The first cover 116 removably attaches to the top edge of the bottom portion 112, thereby preventing any moisture from escaping from the cavity of the bottom portion 112. Extending downward from the first cover 116 is the first cover sealant lip 116A. The first cover sealant lip 116A is designed to mate to the top edge of the bottom portion 112, thereby providing an air tight seal therebetween.

When the first embodiment of the household food container 110 is being used, the first removable platform 114 will be replaced within the cavity of the first bottom portion 112. Then the cavity of the first bottom portion 112 will be filled with water. The food items to be stored will be placed within the cavity of the first bottom portion 112 and disposed on top of the first removable platform 114. Then the cover will be attached to the first bottom portion 112 covering the cavity. The water within the cavity of the first bottom portion 112 will provide moisture to the food items, which will allow them to be stored within the first embodiment of the household food container 110 for an extended period of time. When the water level within the cavity of the first bottom portion 112 is below the level of the first removable platform 114, the food items will receive moisture by water evaporating through the first removable platform apertures 114C. When the water level within the cavity of the first bottom portion 112 is above the level of the first removable platform 114, the food items will receive moisture by water passing through the first removable platform apertures 114C.

Referring to FIG. 3 which is an exploded view of the of the second embodiment of the household food container 210 exhibiting the following features: second bottom portion 212; bottom portion pegs 212A; second removable platform 214; second removable platform apertures 214A; second removable platform notches 214B; second cover 216; and second cover sealant lip 216A. The second embodiment of the household food container 210 is exactly the same as the first embodiment except that the second removable platform 214 is supported within the second bottom portion 212 by a different supporting means. This supporting means is embodied by the four bottom portion pegs 212A, which extend upward from the top surface of each corner of the bottom side of the second bottom portion 212. When being used, the second removable platform 214 is placed on the four bottom portion pegs 212A, thereby being supported within the cavity of the second bottom portion 212.

Referring to FIG. 4 which is an exploded view of the of the third embodiment household food container 310 exhibiting the following features: third bottom portion 312; third bottom portion ridge 312A; third removable platform 314; third removable platform apertures 314A; third removable platform notches 314B; third cover 316; and third cover sealant lip 316A. The third embodiment of the household food container 310 is exactly the same as the first embodiment except that the third removable platform 314 is supported within the third bottom portion 312 by a different supporting means. This supporting means is embodied by the third bottom portion ridge 312A, which is a ridge that extends inwardly from the inner surface of the side wall of the third bottom portion 312. When being used, the third removable platform 314 is placed on the third bottom portion ridge 312A, thereby being supported within the cavity of the third bottom portion 312.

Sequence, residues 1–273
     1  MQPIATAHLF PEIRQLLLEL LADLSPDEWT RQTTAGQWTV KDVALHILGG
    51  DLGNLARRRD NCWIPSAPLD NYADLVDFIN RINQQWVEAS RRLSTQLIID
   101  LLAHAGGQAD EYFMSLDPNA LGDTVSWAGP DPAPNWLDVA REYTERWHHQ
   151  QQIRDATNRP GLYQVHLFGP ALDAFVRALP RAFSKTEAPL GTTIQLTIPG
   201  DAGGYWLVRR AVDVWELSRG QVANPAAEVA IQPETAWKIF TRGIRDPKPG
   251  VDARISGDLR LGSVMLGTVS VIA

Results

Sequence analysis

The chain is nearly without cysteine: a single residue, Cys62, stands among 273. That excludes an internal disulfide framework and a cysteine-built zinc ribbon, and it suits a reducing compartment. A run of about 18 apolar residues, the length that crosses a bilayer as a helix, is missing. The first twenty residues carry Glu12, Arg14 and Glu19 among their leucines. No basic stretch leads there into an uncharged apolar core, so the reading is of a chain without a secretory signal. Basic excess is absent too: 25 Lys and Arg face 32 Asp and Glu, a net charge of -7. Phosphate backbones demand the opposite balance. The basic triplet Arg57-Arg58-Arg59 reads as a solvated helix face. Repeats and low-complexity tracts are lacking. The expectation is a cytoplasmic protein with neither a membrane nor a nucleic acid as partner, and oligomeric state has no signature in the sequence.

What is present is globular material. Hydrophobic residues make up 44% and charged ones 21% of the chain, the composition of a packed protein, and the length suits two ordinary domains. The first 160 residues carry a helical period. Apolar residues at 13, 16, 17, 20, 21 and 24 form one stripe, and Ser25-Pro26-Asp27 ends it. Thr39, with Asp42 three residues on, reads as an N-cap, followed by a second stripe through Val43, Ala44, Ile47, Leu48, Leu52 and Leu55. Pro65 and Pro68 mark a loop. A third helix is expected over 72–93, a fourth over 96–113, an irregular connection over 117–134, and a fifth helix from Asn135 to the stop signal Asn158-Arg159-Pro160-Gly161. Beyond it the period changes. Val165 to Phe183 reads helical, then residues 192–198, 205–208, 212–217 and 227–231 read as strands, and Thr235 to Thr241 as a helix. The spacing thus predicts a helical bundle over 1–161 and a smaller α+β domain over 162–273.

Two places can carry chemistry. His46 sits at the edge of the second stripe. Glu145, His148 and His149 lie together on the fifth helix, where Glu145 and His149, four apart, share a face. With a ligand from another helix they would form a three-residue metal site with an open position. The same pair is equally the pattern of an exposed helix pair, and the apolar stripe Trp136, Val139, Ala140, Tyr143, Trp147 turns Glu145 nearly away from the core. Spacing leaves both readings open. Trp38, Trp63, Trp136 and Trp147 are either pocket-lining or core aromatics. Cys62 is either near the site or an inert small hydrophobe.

The first embodiment household food container 110, second embodiment household food container 210 and third embodiment household food container 310 each can be completely fabricated from a material selected from a group consisting of plastic, plastic composites, fiberglass, plexiglass, stainless steel, epoxy, carbon-graphite, glass, tempered glass, lucite, wood, stone, metal, metal alloys and rubber composites.

It will be understood that each of the elements described above, or two or more together, may also find a useful application in other types of constructions differing from the type described above.

While the invention has been illustrated and described as embodied in a household storage container, it is not intended to be limited to the details shown, since it will be understood that various omissions, modifications, substitutions and changes in the forms and details of the device illustrated and in its operation can be made by those skilled in the art without departing in any way from the spirit of the present invention.

Without further analysis, the foregoing will so fully reveal the gist of the present invention that others can, by applying current knowledge, readily adapt it for various applications without omitting features that, from the standpoint of prior art, fairly constitute essential characteristics of the generic or specific aspects of this invention.

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Referenced by
Citing PatentFiling datePublication dateApplicantTitle
US7288745 *Oct 29, 2004Oct 30, 2007Frank ColonnaTemperature controlled food storage and serving pan
US7487881Nov 26, 2003Feb 10, 2009Form Plastics CompanyDual chamber salad container
US8262177Oct 13, 2005Sep 11, 2012Donnelly CorporationRefrigerator shelf assembly
US8622494Sep 10, 2012Jan 7, 2014Donnelly CorporationRefrigerator shelf assembly
US20110248039 *Apr 9, 2010Oct 13, 2011Steven FellenzerEating appliance and method of making the same
US20140183203 *Jan 2, 2014Jul 3, 2014Kathleen CurtisFood Storage Insert
Classifications
U.S. Classification229/406, 220/574, 229/407, 206/563, 229/120.32
International ClassificationA47G19/30, B65D81/26
Cooperative ClassificationB65D81/262, A47G19/30
European ClassificationA47G19/30, B65D81/26C1
Legal Events
DateCodeEventDescription
Oct 31, 2006FPExpired due to failure to pay maintenance fee
Effective date: 20060901
Sep 1, 2006LAPSLapse for failure to pay maintenance fees
Mar 22, 2006REMIMaintenance fee reminder mailed
Feb 18, 2002FPAYFee payment
Year of fee payment: 4
Oct 12, 1999PAPatent available for license or sale